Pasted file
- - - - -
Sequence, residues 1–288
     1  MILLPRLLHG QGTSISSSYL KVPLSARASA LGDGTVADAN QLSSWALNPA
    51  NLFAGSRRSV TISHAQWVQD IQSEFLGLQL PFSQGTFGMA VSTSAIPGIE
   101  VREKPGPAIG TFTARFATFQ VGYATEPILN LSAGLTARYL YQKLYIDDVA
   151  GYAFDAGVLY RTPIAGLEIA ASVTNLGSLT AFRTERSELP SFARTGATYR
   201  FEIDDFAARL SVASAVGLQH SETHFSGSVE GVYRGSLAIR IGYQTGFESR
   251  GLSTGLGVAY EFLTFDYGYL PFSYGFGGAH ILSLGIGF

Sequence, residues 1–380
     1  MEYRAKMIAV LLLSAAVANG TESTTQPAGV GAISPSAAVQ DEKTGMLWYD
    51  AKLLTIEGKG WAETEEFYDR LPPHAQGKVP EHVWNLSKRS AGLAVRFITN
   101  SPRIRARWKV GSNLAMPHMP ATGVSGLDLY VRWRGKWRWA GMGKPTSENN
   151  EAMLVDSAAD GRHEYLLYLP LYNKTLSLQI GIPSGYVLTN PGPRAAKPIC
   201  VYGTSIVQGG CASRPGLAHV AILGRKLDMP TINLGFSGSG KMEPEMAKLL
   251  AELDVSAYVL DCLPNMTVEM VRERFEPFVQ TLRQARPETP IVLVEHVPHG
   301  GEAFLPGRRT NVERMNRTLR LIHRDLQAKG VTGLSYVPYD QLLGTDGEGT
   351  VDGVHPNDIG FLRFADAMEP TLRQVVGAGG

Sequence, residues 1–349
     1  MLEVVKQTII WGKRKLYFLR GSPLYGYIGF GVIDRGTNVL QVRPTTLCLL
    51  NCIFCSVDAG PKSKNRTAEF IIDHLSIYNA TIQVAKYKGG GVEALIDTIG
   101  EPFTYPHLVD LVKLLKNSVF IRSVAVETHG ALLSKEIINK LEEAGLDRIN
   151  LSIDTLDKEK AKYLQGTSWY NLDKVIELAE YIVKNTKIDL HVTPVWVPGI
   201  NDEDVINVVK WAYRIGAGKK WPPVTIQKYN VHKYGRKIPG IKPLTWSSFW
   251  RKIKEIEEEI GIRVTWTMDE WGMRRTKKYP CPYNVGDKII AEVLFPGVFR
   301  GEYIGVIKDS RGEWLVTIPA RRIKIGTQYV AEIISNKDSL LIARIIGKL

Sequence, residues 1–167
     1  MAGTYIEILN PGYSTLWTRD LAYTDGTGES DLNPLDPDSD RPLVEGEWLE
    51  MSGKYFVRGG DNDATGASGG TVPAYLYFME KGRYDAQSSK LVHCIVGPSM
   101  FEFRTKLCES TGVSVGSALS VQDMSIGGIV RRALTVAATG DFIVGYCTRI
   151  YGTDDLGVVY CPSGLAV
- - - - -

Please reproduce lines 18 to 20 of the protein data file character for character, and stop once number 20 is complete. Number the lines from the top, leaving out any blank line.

     1  MLEVVKQTII WGKRKLYFLR GSPLYGYIGF GVIDRGTNVL QVRPTTLCLL
    51  NCIFCSVDAG PKSKNRTAEF IIDHLSIYNA TIQVAKYKGG GVEALIDTIG
   101  EPFTYPHLVD LVKLLKNSVF IRSVAVETHG ALLSKEIINK LEEAGLDRIN